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Birth, The Final Frontier Of Spectator Sport?

Birth, The Final Frontier Of Spectator Sport?


By Barbara Sumner Burstyn

You’re in the last weeks of your pregnancy and the pressure is on; finish up at work, get the baby’s room ready and all that stuff you have to buy. Oh and draw up your labour party plan, complete with seating arrangements, menus and guest lists.

The New York Times spotted it first. The headline ‘Move Over, Doc, the Guests Can't See the Baby,’ trumpeted the benefits and downsides of labour parties. “Like bridesmaids and pallbearers,” the article said, “invitees are marked as an honored group of intimates.”

Birth as a social event is not a new concept. In many cultures women surround birthing women, but what is different now is the context. Fielding midwife Vanessa Jackson comments that by choosing this path women are leading towards inevitable intervention. “This may sanitise the process and transform it into a performance art as if it were a type of theatre sport, but it creates a massive disconnect between the woman and the experience she is having.”

Certainly that disconnect is now common as our individual and societal experience of conception increasingly involves surgical procedures, powerful drugs and sperm and fertility counts. Perhaps it’s to be expected then that birth should also be removed from the sphere of intimacy and placed in the semi-public domain of just another medical procedure.

Certainly the medical profession has embraced the trend. In the United States, hospitals, keen to keep their clients happy are creating birthing rooms complete with guest seating. While it is perhaps another sign of the industry’s increasing need to convince us that medicine can and does control even nature, if you’ve ever given birth in a natural, non-medical way (the kind where you make the decision to eschew all medical intervention, except in an emergency) you’ll know that this new fad is crap.

Birth is messy and noisy, for long hours it is monotonous and often involves a type of extreme nudity that most of us would rather not think about. And you can’t escape it. Birth is relentless. It bears down on you, invading every private space you ever thought you had. It is a complete experience. Nothing else in life is so total, so inexorable. And the end result is so much more than a baby. It is the knowledge of true power. You don’t so much as face down the pain as you learn to work with it, you learn to trust yourself and your body in a profound way, transcending, for those hours, the everyday reality of an ordinary life.

Of course if you opt for pain relief for your normal birth, for a medically mediated experience, then you miss out on all this. Instead you get just another experience, a roller coaster for sure, but like a real roller coaster some part of you knows its not for real, that there’s a back door, a way out of the darkness that can descend over labour. And you get the kind of birth experience that makes you little more than a spectator on your own reality show, an experience others can share, that makes for good entertainment; a little blood, a little drama, a whiff of life or death edginess, a taste of medical marvels, an orchestrated ER experience for your family and friends.

Our expectations of birth, the demand for the experience-free experience and our collective unwillingness to step outside our comfort zone is becoming so entrenched that last year the American College of Obstetricians and Gynaecologists endorsed elective c-sections for normal pregnancies. In Canada, New Zealand and the US C-section rates have soared in the last ten years to account for almost a quarter of all births. The WHO says that any country with a rate above 15 percent should be looking at reasons why.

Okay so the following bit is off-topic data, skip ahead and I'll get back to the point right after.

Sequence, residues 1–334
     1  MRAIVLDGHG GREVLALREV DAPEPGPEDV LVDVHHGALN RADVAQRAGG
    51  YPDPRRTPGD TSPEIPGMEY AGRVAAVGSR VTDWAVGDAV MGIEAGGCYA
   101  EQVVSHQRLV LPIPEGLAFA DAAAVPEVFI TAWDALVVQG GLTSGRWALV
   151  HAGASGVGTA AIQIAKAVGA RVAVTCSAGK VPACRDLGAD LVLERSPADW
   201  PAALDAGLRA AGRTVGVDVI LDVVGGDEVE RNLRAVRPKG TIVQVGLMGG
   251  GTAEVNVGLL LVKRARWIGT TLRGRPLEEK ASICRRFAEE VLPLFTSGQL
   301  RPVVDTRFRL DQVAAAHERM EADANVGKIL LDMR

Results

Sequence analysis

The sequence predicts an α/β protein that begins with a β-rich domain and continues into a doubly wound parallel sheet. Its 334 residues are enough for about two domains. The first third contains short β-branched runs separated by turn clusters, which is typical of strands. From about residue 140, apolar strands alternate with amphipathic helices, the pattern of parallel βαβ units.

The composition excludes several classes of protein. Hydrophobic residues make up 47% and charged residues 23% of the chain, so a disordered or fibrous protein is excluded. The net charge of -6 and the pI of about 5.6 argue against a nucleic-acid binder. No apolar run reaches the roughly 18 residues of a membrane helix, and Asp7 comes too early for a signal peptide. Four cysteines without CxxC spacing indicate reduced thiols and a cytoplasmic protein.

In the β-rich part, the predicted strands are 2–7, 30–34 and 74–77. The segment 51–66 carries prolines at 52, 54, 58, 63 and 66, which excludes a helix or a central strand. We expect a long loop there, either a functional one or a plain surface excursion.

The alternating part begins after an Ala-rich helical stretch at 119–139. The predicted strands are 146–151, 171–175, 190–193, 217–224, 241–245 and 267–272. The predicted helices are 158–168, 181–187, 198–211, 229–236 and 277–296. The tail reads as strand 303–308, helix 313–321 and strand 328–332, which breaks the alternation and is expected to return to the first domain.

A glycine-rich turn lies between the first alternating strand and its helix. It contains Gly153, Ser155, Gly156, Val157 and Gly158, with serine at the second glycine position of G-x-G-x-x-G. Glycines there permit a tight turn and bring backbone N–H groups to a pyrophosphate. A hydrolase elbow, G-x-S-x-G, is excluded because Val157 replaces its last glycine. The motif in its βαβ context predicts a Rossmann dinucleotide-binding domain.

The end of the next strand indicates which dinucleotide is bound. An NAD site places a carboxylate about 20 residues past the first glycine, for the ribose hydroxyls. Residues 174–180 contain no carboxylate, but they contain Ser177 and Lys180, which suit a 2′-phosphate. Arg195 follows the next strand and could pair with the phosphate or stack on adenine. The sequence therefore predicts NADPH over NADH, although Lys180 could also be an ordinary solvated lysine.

And we're not talking emergency situation here. Switch to the E channel and you’ll see trailer-park tart Britney Spears or triple-caesar veteran Victoria Beckham or any number of other too-posh-to-push ‘stars’ extolling the ease of C’s. Afterall, why go through all that pain, risk incontinence, constipation and, quelle horreur, stretched muscles down below, when science offers an alternative.

But even for ordinary women, normal birth may be a thing of some pre-medical past. In Canada, despite universal medical care and world class maternity services, a just released study of 2.6 million birth records shows that some of the most serious illnesses of pregnancy and childbirth are increasing, with potentially fatal complications during birth afflicting one in every 250 deliveries. While in New Zealand a report released in 2002 declared that there are fewer normal births in the country and rate of interventions during labour was high compared with past statistics. Jackson comments that the term ‘normal’ is no longer relevant. She estimates that way fewer than 50 percent of first time mothers get to experience truly normal birth. And she adds that the impact of a baby’s first moments being drenched in powerful narcotics does not seem to worry anyone.

Ultimately all the new trends in birth culture add up to the colonizing of birth, the rolling up of perhaps the most marvellous, scary, painful and exhilarating thing a woman can do into a neat and tidy spectator sport to be consumed as entertainment. In a world that seeks to separate us from ourselves, to turn every nature walk into a communion with an iPod or a cell phone, where intimacy is increasingly a parody of how they do it in the movies, it’s hard to find a place of true challenge, a place that cracks open our muffled, consumptive experience of life. This is why labour parties and elective or ignorant intervention are travesties.

Birth, coming soon to a theatre near you! Bring your friends! (R18) Refreshments provided!

*************

Barbara Sumner Burstyn © October 2005

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